| Mukunda Madhab Bora sits with an assortment of folk instruments. Telegraph picture |
Jorhat, Nov. 15: Mukunda Madhab Bora is passionate about restoring and playing extinct or little known musical instruments of different communities of the Northeast. In order to reach out to the people, he has showcased his talent in a yet-to-be-released documentary in which he composed music for 200 folk music instruments of the region.
The 41-year-old Bachelor of Music (vocal) of the Praschin Kala Kendra, Chandigarh, said for the last nine years he had roamed the length and breadth of Assam, going into remote villages to retrieve the essence of folk music that had got lost over the decades.
“I have gone to many villages populated by communities like the Sonowal Kacharis, Karbis, Hasong, Goalpariya, Bodos, Darrangia, Misings, Tiwas, tea tribes and others. I have not only learnt the way they play their instruments but have attempted to revive those folk instruments which they do not use much or the present generation has not taken to,” he said.
Bora, who hails from Baligaon here said he had made 60 instruments — stringed, wind and percussion — some of which, like the tokori, were little used these days and the rogoi dang, teng teng, kalia, dos kothia and dhutang, which have almost become extinct. He has also made a range of drums and dhols.
“I have formed the Panschjanya Sur Bahini, a group of 20 folk artistes. We have created an act in which we have borrowed the best of folk tunes from different communities and play them one after the other in a series starting with the devotional hymns of the xatras,” he said.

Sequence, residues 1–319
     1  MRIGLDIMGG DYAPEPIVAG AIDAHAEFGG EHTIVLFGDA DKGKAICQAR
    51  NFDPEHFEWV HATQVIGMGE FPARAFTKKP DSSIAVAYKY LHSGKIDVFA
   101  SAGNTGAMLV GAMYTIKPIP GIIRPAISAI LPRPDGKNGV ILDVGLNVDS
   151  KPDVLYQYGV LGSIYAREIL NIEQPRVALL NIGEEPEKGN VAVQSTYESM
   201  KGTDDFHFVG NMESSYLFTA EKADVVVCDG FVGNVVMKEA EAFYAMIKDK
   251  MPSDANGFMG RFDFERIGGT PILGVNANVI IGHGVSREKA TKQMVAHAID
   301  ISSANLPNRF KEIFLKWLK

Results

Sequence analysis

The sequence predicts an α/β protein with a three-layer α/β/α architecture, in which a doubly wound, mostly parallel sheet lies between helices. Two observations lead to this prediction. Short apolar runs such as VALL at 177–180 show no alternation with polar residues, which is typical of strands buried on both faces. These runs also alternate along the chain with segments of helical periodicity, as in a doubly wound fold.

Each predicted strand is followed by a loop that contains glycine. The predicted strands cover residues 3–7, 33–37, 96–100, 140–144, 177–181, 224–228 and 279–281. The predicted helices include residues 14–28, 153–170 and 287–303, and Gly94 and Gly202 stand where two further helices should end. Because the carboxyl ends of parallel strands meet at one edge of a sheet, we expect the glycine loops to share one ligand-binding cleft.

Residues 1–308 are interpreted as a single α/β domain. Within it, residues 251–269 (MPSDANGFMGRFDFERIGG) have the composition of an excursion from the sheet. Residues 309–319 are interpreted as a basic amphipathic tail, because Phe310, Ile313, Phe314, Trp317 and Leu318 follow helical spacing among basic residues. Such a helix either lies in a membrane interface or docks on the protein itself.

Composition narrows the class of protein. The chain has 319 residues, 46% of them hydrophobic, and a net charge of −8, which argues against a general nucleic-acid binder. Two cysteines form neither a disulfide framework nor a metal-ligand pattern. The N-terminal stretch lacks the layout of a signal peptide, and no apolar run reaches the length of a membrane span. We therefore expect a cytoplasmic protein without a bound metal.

Bora said as the devotional hymns were accompanied by cymbals, daba and conch, these were first played and then they progressed to folk instruments played during the singing of wedding songs and then to Bihu musical instruments of different communities and on to the popular songs of some of the communities.
Prior to forming this group, Bora was a part of the Trinayan Hasta Shilpa Udyog at Baligaon which made masks and singhasans placed in the sanctum sanctorum of xatras and temples as well as sculptures of animals and maidens in wood.
Regarding the making of the documentary, Bora said the nearly two-hour-long film was being made by Chandra Shekhar Sharma and Runumoni Baruah of Guwahati and he had given the music to 200 indigenous musical instruments used in greater Assam now and in the past.